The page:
Thursday, October 19, 2023

October 19, 1954: A Naturopath in Texas

Sylvia Redman
Dr. Sylvia Redman (pictured), a 57-year-old woman who had a license to practice naturopathy in Texas, signed a written confession on October 20, 1954 regarding the death of 27-year-old homemaker Betty Jean Ledel the previous day. 

Redman' confession said that Betty came to her Fort Worth practice, Nature Foods & Clinic at 2836 Hemphill on October 8, saying that she thought she was pregnant. Betty asked her "if I could help her get rid of the baby. I told her the danger of everything and she said she was not afraid. I told her I would rather her to go somewhere else and have the baby stopped in twenty four hours, because my work is slow. I do it by shooting a little air up into the womb. (uterus) By going through the cervix into the uterus, where the embryo is carried. She told me she wanted me to do it." Redman complied, repeating the process daily. 

On October 19, Betty again went to Redman. Her husband and one of their two young children waited outside in the car. Redman took Betty upstairs, "laid her on a table used for females," and inserted a canula into Betty's uterus. She pushed five syringes full of air into Betty's uterus and asked Betty if she could feel it. Betty said that she could, a little. "And she looked up at me and said I feel choky, and then she passed out." Redman also noticed that Betty was bleeding vaginally.

Redman said, "I used artificial respiration. I picked her up in my arms and laid her on the floor. And I slung water at her to try to revive her, and then I had a lady downstairs to call an ambulance. The ambulance came and got her and took her to Harris Hospital where Betty was pronounced dead on arrival, leaving 7-year-old David and 2-year-old Cathy without a mother.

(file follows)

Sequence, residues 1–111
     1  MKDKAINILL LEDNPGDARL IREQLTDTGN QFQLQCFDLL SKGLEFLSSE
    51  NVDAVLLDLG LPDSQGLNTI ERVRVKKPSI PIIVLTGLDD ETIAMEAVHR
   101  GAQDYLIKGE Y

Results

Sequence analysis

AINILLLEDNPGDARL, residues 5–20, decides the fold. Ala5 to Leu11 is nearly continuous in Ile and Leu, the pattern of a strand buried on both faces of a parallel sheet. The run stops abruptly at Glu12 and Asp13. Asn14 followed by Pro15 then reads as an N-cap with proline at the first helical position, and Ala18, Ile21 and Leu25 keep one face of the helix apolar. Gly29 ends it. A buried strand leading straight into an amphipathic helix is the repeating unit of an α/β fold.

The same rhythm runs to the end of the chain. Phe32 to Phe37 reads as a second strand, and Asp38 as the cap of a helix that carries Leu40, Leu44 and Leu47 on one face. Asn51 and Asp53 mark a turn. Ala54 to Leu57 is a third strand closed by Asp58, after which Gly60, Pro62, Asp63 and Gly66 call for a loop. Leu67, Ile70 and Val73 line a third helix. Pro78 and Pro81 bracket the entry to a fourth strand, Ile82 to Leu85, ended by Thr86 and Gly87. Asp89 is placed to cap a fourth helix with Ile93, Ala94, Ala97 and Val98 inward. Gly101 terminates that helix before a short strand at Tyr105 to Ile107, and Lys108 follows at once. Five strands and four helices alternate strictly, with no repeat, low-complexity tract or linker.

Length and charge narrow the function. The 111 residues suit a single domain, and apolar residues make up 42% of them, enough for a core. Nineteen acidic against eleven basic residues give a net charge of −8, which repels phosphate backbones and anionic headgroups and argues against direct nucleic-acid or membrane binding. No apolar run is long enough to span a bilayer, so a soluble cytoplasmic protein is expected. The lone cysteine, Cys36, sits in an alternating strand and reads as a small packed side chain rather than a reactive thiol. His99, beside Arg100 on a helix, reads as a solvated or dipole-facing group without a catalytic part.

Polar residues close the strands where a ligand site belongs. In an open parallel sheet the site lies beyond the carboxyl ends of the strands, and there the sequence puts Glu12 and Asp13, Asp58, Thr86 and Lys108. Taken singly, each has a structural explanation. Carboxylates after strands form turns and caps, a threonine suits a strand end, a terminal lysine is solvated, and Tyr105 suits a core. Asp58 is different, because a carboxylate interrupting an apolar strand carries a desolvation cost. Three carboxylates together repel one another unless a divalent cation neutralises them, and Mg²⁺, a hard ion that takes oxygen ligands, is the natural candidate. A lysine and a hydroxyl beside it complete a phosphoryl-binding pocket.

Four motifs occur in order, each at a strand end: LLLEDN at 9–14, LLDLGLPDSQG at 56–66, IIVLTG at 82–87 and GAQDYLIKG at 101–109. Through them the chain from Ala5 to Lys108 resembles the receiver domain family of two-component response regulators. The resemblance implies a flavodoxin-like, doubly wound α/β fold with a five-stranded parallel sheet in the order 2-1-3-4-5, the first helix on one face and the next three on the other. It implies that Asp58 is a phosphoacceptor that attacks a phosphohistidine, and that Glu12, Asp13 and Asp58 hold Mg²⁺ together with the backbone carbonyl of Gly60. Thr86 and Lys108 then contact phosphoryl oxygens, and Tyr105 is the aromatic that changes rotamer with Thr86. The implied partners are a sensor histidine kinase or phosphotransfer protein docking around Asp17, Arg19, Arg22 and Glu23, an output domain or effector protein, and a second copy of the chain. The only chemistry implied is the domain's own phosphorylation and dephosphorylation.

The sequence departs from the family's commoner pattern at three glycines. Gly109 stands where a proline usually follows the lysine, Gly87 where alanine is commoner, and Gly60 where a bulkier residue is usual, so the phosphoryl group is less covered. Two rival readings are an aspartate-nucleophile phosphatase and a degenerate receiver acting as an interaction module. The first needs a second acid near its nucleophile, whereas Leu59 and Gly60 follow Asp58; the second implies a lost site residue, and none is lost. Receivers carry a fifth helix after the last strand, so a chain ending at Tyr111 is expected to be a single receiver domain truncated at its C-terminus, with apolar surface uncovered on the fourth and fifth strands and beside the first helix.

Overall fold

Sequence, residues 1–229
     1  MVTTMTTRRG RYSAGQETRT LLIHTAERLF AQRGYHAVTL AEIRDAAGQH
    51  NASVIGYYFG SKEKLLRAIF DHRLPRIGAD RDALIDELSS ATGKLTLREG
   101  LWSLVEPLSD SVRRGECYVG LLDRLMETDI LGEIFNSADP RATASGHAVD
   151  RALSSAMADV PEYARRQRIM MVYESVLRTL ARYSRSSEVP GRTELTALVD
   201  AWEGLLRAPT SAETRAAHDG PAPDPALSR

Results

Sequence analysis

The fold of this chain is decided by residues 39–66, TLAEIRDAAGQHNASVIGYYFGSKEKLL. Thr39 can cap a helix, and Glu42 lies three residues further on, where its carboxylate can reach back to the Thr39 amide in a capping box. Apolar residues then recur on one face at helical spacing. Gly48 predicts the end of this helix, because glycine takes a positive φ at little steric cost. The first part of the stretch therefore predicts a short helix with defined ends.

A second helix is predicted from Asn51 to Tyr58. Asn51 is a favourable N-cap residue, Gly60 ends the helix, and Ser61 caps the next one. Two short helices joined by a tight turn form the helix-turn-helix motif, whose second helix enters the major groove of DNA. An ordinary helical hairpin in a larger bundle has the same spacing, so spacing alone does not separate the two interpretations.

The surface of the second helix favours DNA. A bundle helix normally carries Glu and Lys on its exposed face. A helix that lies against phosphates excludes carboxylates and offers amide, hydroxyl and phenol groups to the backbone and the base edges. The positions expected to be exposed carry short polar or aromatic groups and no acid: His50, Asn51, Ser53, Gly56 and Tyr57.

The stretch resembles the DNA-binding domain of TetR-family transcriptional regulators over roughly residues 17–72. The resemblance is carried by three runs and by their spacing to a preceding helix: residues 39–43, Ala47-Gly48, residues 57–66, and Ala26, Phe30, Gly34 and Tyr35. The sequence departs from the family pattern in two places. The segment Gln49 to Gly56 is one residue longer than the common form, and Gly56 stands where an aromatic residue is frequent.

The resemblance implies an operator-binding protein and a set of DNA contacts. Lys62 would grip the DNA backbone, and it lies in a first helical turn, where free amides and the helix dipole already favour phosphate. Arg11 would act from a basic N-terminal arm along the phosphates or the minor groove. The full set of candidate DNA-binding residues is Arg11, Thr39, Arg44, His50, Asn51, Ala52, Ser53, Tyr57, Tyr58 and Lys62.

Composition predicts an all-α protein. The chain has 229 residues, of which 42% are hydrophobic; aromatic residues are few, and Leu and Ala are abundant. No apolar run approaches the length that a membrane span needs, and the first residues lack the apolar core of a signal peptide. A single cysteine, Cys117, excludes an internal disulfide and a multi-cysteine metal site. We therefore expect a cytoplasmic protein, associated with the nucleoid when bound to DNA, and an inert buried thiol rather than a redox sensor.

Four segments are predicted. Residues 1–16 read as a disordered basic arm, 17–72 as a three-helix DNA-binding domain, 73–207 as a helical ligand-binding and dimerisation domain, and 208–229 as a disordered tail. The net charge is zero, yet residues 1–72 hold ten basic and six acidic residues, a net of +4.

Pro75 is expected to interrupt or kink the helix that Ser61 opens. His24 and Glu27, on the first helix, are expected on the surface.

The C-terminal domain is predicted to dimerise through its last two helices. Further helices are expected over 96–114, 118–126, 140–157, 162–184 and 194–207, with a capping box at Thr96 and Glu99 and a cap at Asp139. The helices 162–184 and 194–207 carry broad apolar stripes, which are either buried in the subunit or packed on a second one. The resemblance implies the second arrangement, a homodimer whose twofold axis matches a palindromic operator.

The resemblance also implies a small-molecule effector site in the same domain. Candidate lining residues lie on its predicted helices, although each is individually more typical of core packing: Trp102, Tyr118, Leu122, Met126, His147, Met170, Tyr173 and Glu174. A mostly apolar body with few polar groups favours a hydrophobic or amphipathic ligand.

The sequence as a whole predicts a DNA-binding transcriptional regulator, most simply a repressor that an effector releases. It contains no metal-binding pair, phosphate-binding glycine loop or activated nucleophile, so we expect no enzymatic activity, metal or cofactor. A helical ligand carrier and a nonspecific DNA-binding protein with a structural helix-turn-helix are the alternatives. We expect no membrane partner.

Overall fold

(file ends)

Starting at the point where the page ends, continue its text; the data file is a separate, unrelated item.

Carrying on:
Redman threw away the instruments but police quickly found them and got a confession. An autopsy verified that Betty had indeed been pregnant, and blamed her death on the introduction of air into her uterus to produce abortion. The six or seven week old embryo was intact and undamaged. Betty's blood vessels had air in them, and one of her lungs had collapsed. The examiner concluded that she had died from an air embolism.

Redman seemed to have a mixed reputation in the area. She was charged with practicing medicine without a license in October of 1945, but by 1947 was in good standing, with the newspaper reporting that she had returned after a study of endo-nasal and aural therapy at Philadelphia College of Neuropathy and Naturopathy. 

Redman's jury deliberated slightly under two and a half hours before finding her guilty of murder by abortion. She was sentenced to confinement in the penitentiary for four years, a far cry from the death penalty she could potentially have faced. Her appeal was denied and she was paroled in May of 1957.


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